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|Articles - June 2012|
|Tuesday, May 29, 2012|
Page 3 of 4
Educating constituents about the rarified world of federal policy is one senatorial task. But the Made in Oregon tour is mostly about the education of Jeff Merkley, even if it’s a whirlwind education. On the agenda this day is Barhyte Specialty Foods, located in Pendleton where Merkley toured a bottle-labeling facility, and sampled mustard and charcuterie while listening to a jovial Jan Barhyte describe potential value-added products such as locally grown horseradish.
Next is Pendleton Woolen Mills, where mill manager John Boston talked about global cotton prices while the senator bore witness to the weaving of the famous jacquard blankets. (Most other Pendleton products are manufactured in China). At Turtle Island Foods, home of Tofurky, Merkley, dressed in hair net and white lab coat, toured the Hood River facility and bonded with owner Seth Tibbott over their Outdoor School experiences. Merkley, laughing, reveals his nickname: Smash. Pretty much opposite of his unassuming personality.
Somewhere along the way, Merkley and his staff stop for a Town Hall in Milton-Freewater where one elderly constituent asks, “Anybody want to see some abortion photos?” There was also a quick lunch at Subway, the default dining choice while Merkley is on the road. “It’s fast, relatively healthy and we know what the senator likes,” says Courtney Warner Crowell, Merkley’s deputy director of communications in Oregon and one of several young aides who appear as earnest and cerebral as their employer. “I can clear a room with my banter,” notes business liaison Jake Oken-Berg, perhaps channeling Merkley, who at one point offers “copies of studies I did if you want to learn about a range of airplane wing functions or modification of the B-1 bomber.”
It’s about 5 p.m. and Merkley is making one of his last stops of the day, at Northwest Aluminum Specialties in The Dalles, where a somber president Bill Reid makes a direct appeal for help resolving the company’s credit challenges. Northwest Aluminum, which produces round aluminum stock used in fire extinguishers and other products, generated $40 million annually until 2008, Reid tells the senator. Then the economy collapsed, the price of aluminum dropped 60%, and the company’s relationship with its bank deteriorated. “We’re in a hole we’re not able to get out of,” Reid says, noting that in 2011 sales dropped to $17 million. “If there is some option you can bring to the table … we are not looking for a handout. We need a leg up.”
Taking off the hard hat and safety glasses he wore for a tour of the aluminum processing facility, Merkley launched into his spiel. “Everything you say is right on. The credit crisis has hit so many folks.” He invoked the Volcker Rule and noted the president recently signed his crowd-funding bill enabling small and startup businesses to harness the power of the Internet to raise capital. But that mechanism probably wouldn't be suitable for an old-time manufacturing business requiring millions of dollars, Merkley acknowledges. “Frankly, I don’t know how we can be helpful,” he concludes. “But let’s have a more extended conversation.”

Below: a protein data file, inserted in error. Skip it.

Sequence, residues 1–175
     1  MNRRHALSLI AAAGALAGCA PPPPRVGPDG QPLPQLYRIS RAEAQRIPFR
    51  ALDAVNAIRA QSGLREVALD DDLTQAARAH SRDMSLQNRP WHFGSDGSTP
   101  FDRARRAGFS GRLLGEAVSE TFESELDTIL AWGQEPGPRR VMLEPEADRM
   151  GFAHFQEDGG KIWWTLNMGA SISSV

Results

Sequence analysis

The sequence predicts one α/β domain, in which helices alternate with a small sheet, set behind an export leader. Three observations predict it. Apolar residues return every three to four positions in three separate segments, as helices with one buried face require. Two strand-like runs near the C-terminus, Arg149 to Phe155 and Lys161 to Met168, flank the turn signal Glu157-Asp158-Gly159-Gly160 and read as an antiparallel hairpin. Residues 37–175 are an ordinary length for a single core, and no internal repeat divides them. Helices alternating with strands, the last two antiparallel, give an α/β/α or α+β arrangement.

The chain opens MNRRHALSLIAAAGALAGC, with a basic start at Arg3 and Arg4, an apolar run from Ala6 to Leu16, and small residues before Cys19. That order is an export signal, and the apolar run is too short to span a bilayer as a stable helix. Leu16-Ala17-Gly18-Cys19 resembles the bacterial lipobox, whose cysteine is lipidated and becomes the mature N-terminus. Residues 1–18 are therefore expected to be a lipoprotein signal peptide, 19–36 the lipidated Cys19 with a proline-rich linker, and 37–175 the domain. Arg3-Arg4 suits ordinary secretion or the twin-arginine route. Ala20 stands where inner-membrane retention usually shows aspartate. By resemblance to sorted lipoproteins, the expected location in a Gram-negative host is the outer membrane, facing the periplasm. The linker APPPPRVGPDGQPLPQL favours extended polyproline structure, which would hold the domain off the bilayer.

This is the conundrum of a sitting senator, a federal representative who in Merkley’s own words tries to “hammer away at relevant policy but not so much on the ground.” Speaking after the tour, Reid says one of Merkley’s aides “did seem to be connected to the Small Business Administration and might be able to bring something to the table for us.” But even if nothing comes of that conversation, Reid says. “It was an opportunity for us to tell our story, and that’s what we wanted.”
At the end of the day, perhaps that’s the message of the Made in Oregon tour. Although Merkley earned high marks for trying to understand the complexities and specificities of the issues and problems facing Oregon businesses, the practical outcome of the trip isn’t necessarily clear, either because of the breadth of those complexities, the challenges of connecting federal law to local problems, or perhaps the ability of the freshman senator to make policy.
Merkley “is making an earnest effort to figure out if you can still make things in America,” says Ryan Deckert, president of the Oregon Business Association, which held a roundtable at Blount Industries during the tour. “Now we’re hoping he will use his cerebral approach and attention to detail and put it to bear on consolidating the 28 different federal workforce programs spread across eight federal agencies, that no employer can be expected to navigate.”
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The New Yorker recently published a sharply worded critique of “disruptive innovation,” one of the most widely cited theories in the business world today. The article raises questions about the descriptive value of disruption and innovation — whether the terms are mere buzzwords or actually explain today's extraordinarily complex and fast changing business environment.
Update: We caught up with Portland's Thomas Thurston, who shared his data driven take on the disruption controversy.
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With the increasing retirements of Baby Boomers, a massive real estate shift has created a significant increase in demand for NNN properties. The result? Increased demand has triggered higher prices and lower yields.
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The Office of Economic Analysis announced that Oregon is currently enjoying the strongest job growth since 2006. While this resurgence has been welcome, the lingering effects of the 2008 “Great Recession” continues to affect Oregon businesses, especially with regard to estate planning and business succession.
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